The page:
Cookies on this website
We use cookies to ensure that we give you the best experience on our website. If you click 'Continue' we'll assume that you are happy to receive all cookies and you won't see this message again. Click 'Find out more' for information on how to change your cookie settings.
  • Neuroimaging in understanding chronic pain mechanisms and the development of new therapies

    3 July 2018

    This chapter describes how brain imaging methods have been used in studies on pain, what neuroimaging tells us about the role of the central nervous system in pain processing, how being in constant pain affects the brain, and finally, how neuroimaging can be applied to improve the existing analgesic drugs and to discover new therapies. Neuroimaging makes it possible to study pain processing beyond the peripheral nervous system, at the supraspinal level, in a safe, noninvasive way, without interfering with neurophysiological processes. In recent years, studies using brain imaging methods have contributed to our understanding of the mechanisms responsible for the development and maintenance of chronic pain. Moreover, neuroimaging shows promising results in characterizing different types of pain, bringing us closer to the development of mechanism-based treatments for chronic pain. © 2009 Springer-Verlag New York.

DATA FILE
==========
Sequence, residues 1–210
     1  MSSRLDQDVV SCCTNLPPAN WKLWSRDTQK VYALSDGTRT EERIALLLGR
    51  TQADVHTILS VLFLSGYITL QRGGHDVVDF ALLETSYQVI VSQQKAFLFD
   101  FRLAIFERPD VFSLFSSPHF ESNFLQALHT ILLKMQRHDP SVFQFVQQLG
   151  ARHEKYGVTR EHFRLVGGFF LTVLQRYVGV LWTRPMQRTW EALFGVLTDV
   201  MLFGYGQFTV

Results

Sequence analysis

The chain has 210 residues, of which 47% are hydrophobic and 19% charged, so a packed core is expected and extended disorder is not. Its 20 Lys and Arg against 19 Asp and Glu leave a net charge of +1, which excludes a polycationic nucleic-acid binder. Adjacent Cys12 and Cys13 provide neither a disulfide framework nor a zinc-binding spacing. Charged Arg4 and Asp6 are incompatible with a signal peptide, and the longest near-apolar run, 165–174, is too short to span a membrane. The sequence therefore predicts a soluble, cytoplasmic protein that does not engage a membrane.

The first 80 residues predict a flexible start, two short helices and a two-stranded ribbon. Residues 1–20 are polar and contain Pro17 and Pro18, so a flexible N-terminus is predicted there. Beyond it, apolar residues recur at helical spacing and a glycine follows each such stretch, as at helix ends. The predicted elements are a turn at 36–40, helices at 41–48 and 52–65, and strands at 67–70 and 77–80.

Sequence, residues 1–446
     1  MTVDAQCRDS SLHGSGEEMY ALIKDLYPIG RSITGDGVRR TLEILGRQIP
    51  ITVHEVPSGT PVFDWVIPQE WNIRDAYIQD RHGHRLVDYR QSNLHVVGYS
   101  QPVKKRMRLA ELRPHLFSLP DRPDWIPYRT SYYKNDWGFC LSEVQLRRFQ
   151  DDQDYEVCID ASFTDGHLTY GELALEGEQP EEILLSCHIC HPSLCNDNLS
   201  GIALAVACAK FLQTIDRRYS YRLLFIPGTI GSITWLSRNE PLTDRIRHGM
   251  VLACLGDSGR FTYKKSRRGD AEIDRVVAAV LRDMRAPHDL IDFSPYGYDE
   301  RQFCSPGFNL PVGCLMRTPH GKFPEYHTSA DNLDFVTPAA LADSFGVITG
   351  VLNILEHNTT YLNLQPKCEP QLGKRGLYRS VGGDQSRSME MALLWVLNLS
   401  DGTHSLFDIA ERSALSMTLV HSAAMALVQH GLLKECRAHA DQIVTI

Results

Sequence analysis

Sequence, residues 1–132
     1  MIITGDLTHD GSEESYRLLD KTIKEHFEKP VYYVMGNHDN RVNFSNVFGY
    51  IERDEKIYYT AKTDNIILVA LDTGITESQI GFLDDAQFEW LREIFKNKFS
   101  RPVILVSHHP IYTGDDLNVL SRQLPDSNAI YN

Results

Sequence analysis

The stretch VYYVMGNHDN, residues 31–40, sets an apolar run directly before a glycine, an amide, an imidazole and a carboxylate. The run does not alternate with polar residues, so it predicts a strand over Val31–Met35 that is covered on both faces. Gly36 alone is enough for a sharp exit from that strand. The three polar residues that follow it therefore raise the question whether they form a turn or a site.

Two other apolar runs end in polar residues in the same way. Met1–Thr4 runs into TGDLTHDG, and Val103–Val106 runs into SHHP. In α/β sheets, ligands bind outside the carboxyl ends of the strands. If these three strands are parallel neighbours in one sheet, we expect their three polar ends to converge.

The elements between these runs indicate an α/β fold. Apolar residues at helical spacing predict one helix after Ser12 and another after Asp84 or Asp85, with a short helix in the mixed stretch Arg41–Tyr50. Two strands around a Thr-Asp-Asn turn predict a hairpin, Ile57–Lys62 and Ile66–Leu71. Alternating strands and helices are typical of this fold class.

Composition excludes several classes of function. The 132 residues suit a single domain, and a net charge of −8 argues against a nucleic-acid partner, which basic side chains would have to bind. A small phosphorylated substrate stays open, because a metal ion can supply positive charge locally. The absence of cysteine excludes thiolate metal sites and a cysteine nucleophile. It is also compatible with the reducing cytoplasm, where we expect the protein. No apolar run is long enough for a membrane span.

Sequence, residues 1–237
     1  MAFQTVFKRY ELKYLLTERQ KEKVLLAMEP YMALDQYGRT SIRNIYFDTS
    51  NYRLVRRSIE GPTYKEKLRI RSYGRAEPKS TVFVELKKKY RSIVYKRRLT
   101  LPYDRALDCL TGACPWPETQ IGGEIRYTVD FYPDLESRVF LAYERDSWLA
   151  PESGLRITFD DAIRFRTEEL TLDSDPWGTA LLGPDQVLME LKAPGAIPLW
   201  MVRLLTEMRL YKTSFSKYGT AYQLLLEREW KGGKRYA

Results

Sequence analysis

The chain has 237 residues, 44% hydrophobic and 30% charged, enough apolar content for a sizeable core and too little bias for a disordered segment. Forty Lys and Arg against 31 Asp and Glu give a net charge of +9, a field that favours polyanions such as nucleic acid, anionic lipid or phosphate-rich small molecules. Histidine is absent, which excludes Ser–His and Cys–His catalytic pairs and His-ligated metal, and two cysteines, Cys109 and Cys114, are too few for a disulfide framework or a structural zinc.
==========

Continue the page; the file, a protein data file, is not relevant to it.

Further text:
• Investigation into the neural correlates of emotional augmentation of clinical pain.

    3 July 2018

    Although depressive mood is an important psychological determinate of chronic pain, the neural circuitry that mediates its influence on the pain experience is largely unknown. We used functional magnetic resonance imaging (FMRI) to investigate the neurophysiological interactions between depressive symptoms and disease-relevant pain in rheumatoid arthritis (RA) patients. RA is associated with chronic joint pain and swelling, but peripheral joint pathology often does not fully explain the amount of pain a patient experiences. We investigated the neural circuitry that relates joint pain and depressive symptoms and contrasted this with experimental heat pain. We hypothesized that (1) depressive symptoms influence the cerebral processing of provoked joint pain in RA, and (2) the interaction of depressive symptoms with pain processing contributes to the pain RA patients experience on a daily basis. Twenty patients underwent whole brain FMRI during which disease-relevant joint pain was provoked. Depressive symptoms were assessed using the Beck Depression Inventory (BDI). The tender-to-swollen joint ratio (T/S) was assessed as one component of the patients' clinical pain. BDI scores correlated significantly with T/S and medial prefrontal cortex (MPFC) activation during provoked joint pain. The association between BDI scores and T/S was partly mediated by the MPFC activation. Furthermore, the MPFC activation co-varied significantly with the FMRI signal in limbic areas and in areas that process self-relevant information. These results suggest that the MPFC may play an important role in mediating the relationship between depressive symptoms and clinical pain severity in RA, possibly by engaging brain areas important for affective and self-relevant processing.

  • Expression of citrulline and homocitrulline residues in the lungs of non-smokers and smokers: implications for autoimmunity in rheumatoid arthritis.

    2 July 2018